The initial proposal to make a film about Simone Veil came from the producers, Romain Le Grand, Vivien Aslanian and Marco Pacchioni. I made it very clear from the outset that I wanted to be free to write what I wanted and choose what I found interesting from her life. I had complete freedom of expression. That is something very important for me, especially given the situation right now in France and the growing menace from right-wing groups and increasing racism. The danger to freedom of expression already existed in 2019, without even talking about the atmosphere resulting from the pandemic. I had almost complete freedom to make “Simone,” but it was something I had to fight for. If I listened to what other people said, the film would be very different. It was the most difficult pic I have ever made. We had a lack of money to do some part of the film and at a personal level, my father was dying. It was very tough. I did my own editing. I wrote the music. It left me exhausted at the end.
You place great importance on having final cut on a picture.
Yes. Cinema is a very conservative medium. I have been fighting for a long time to get my vision across. For my last movie, “Grace of Monaco” I fought with Harvey Weinstein for months to get my cut approved. And it was ultimately all for nothing. All these little fights are a waste of energy and more importantly a waste of life.
How does “Simone” relate to your other films based on the lives of women, like “La Vie en Rose and “Grace of Monaco.”
They form part of a trilogy. The first was about Edith Piaf, an uncompromising artist. The second was about Grace Kelly, an actress who didn’t know how to choose a role – in my version, not in Harvey Weinstein’s version that was released in the U.S. It is about a woman who made wrong choices. I wanted to challenge the image we have of a pretty princess, that’s a big lie.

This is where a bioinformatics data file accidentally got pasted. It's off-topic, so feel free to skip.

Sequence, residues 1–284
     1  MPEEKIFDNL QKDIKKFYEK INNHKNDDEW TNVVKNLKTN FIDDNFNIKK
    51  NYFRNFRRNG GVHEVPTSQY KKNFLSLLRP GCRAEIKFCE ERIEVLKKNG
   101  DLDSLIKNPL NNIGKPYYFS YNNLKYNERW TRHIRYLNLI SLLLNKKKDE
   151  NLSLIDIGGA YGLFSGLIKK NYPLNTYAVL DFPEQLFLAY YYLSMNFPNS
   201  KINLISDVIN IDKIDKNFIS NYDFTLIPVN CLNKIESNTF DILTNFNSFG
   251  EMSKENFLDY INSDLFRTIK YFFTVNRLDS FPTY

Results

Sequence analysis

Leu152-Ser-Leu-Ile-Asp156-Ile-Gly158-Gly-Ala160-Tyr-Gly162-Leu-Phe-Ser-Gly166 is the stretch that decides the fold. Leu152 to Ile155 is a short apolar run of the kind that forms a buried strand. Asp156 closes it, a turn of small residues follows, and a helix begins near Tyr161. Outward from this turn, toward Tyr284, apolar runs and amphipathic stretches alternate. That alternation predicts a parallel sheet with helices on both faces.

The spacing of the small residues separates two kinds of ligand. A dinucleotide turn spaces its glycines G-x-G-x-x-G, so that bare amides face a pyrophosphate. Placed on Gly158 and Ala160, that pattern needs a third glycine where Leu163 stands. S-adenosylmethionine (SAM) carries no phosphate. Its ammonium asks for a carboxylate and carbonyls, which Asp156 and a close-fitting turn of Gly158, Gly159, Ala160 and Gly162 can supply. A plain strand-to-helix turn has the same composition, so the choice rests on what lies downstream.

For “Simone” it’s a film about the transmission of history and the transmission of feelings. The star of the film is not the character. It’s the message that she conveyed. That’s why the film ends with a long speech written by her. I didn’t want to tell everything about her life. I think the deepest respect I can show for that person is to transmit her message clearly.
Has the repeated postponement of the release of the film been caused primarily by the pandemic?
That’s obviously a factor, but I don’t think it’s just because of restrictions that have impacted the theatrical release. It’s also influenced by the political situation. I think the distributor is more comfortable releasing the film after the presidential election in France. I would like an earlier release. I think we should be part of the debate.
What is your next project?
To be honest part of me doesn’t really want to make movies any more. Initially, I didn’t even want to make this film. Cinema always tends to be the same, the same way of telling stories. It’s very rare that a film can escape from that cage. I have worked as a painter since I went to school. Since I finished editing the film, over a year ago, I have dedicated more time to painting and have done some shows. Now I want to do something different. For a long time I have wanted to film a love story in Paris. I’m working on the script, based on a book, but I can’t disclose more details at present. I’m also working on a book, in part a fiction project, because everything is about fiction for me, but not in a classical way.